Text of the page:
13 Apr 2015 Category: News
Perhaps you already run a country pub that could do with a bit of sprucing up, or maybe you’ve always harboured dreams of the perfect rural watering hole. If you’ve got the money, now is an excellent time to take action: the global economic crisis has impacted heavily on rural communities.
If you’re already a publican, the right refurb could have a magical effect on your turnover, and if you’re looking to take over an existing business you’re now likely to be able to get one for a song.
A note of caution, though: when you approach the refurbishment, be careful you don’t throw the baby out with the bathwater. Many people love country pubs for their traditional character, and if they wanted to always drink and eat in slick metropolitan surroundings, they’d go into town.
Here’s a quick guide to designing your ideal rural watering hole while still maintaining the character of the interior.
One of the first things to do before you get started is establish which – if any – of your pub’s interior features are original. You may be lucky enough to have surviving highlights such as traditional oak ceiling beams or a ceramic tiled floor from Stoke on Trent, and if so you should base the rest of your decorating plans around showcasing them.
If they’ve long since been stripped out, no problem: consult local history books for snapshots of similar interiors over time, and track down replacements in architectural salvage yards.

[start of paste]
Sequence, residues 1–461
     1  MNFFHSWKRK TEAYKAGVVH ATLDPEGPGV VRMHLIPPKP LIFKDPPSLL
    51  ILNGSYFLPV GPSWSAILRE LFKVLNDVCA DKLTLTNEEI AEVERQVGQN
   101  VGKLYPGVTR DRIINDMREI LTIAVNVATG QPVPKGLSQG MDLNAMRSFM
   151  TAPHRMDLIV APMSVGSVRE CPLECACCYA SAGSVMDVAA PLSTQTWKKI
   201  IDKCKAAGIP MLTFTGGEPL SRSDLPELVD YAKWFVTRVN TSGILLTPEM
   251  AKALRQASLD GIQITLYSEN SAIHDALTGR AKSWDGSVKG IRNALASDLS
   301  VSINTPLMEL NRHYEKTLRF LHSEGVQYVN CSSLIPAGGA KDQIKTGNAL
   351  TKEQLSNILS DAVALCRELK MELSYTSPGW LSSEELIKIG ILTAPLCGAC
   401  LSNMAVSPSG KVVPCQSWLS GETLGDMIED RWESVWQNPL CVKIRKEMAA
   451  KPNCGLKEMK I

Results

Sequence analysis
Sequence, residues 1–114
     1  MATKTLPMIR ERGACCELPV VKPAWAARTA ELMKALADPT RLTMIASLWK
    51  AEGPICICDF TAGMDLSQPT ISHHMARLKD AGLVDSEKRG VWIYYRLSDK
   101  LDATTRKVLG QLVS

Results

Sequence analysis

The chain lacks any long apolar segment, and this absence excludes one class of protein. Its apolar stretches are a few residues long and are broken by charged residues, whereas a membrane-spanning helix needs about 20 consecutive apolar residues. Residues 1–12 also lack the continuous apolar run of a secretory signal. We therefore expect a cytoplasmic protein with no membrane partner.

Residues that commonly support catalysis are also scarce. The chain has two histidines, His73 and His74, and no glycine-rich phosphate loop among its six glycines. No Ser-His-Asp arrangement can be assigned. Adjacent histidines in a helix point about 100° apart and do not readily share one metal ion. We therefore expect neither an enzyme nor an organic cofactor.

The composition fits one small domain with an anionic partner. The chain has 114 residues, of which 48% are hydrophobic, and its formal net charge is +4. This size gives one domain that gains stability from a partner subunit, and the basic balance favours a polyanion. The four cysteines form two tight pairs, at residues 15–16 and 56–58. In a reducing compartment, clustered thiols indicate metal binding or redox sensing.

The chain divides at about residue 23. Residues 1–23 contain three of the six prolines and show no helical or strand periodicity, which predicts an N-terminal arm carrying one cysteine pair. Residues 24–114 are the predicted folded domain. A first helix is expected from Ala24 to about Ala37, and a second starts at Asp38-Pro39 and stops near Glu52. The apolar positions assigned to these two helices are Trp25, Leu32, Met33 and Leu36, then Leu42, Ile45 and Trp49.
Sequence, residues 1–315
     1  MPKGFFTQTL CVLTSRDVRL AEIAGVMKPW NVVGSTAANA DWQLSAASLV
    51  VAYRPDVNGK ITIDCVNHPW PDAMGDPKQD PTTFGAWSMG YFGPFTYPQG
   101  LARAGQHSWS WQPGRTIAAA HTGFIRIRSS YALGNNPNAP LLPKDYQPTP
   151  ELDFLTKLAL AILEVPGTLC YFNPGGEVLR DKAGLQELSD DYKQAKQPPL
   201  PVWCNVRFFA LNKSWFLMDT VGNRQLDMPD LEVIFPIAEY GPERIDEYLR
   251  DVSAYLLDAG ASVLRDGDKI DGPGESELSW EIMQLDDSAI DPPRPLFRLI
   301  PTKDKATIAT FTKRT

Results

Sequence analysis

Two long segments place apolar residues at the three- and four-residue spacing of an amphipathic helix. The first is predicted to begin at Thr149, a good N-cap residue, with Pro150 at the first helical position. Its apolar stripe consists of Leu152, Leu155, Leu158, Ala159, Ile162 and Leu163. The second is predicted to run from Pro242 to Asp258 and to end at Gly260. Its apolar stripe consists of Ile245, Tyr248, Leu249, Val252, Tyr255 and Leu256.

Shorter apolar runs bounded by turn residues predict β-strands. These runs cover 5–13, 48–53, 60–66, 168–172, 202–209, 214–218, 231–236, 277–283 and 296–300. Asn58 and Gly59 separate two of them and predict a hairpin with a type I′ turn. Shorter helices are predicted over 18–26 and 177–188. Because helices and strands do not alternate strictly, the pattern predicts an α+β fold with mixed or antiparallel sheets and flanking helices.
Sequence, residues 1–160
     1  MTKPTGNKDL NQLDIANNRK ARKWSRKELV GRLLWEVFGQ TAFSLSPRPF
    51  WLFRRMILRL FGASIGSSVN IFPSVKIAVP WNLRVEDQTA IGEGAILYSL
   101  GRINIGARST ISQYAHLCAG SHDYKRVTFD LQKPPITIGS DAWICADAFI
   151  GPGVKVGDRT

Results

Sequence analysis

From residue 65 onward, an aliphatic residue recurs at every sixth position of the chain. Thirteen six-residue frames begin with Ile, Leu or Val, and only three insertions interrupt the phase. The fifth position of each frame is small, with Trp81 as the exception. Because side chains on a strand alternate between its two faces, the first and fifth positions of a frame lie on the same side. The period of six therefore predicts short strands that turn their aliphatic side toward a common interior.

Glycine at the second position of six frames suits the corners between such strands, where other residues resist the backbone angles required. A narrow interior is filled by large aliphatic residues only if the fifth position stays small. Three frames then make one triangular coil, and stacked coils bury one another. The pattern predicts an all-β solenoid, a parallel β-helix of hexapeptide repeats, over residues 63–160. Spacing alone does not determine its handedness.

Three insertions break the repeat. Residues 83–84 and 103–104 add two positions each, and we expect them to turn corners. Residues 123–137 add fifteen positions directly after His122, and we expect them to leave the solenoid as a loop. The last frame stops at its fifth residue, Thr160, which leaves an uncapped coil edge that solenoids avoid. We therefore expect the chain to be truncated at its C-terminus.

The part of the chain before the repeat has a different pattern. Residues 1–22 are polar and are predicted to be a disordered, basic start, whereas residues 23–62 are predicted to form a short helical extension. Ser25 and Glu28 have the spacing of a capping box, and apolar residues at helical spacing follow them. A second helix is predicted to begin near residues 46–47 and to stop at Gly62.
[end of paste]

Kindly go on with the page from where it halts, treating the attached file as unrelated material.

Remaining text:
Ironically, this is one area where grime and neglect can be your friend. The more dilapidated the interior when you start your refurbishment, the more likely you are to find original features in good condition under layers of dirt. So approach your preliminary clean-up as you would an archaeological dig and proceed with caution.
Roaring log fires and squishy sofas are features we all associate with the comfort of country pubs, so don’t be too seduced by the siren song of minimalism.
Traditional stools at the bar and the kind of furniture you’d expect to find in your own home strike a welcoming note, and can be surprisingly cost-effective to source.
Lighting is another key component of a cosy ambience. LED lights are cheap to run and available in a number of shades from cool (for the toilets) to warm (for the saloon bar). Nowadays they even come in a dimmable version.
Don’t forget that the kinds of drinks you offer contribute something to the ambience, too. A selection of real ales is likely to be a big draw now that beer culture’s on the up, especially if they come from local breweries. Although wine is not strictly traditional, it makes good business sense to stock a decent range to cater for those whose tastes runs to the grape rather than the grain.
Prince Charles probably isn’t the only one who’d like to see the pub reinstated as the hub of rural life. Refurbish your establishment in the right way and you can do your bit to make this happen.
Make room for traditional pub games such as skittles, backgammon and shove ha’penny, and not only will the traditional atmosphere be enhanced, but you may even start to build a thriving community of regulars: what could be more traditional than that?
It’s an ill wind: the global economic crisis has created an excellent environment for anybody who wants to refurbish a country pub, be it as a new venture or to revitalise the turnover of an existing business.
But in the heat of the moment it can be all too easy to sacrifice traditional charm on the altar of high design. However, if you use great tradesmen and contractors, build your plans around the original features of the building and try to create an air of cosiness and comfort, you’ll be well placed to capture all the traditional charms of the best country pubs.
For more design advice, or if you would like help to re-fit your own country pub, get in touch with us today by calling 01280 821 282 or contact us online.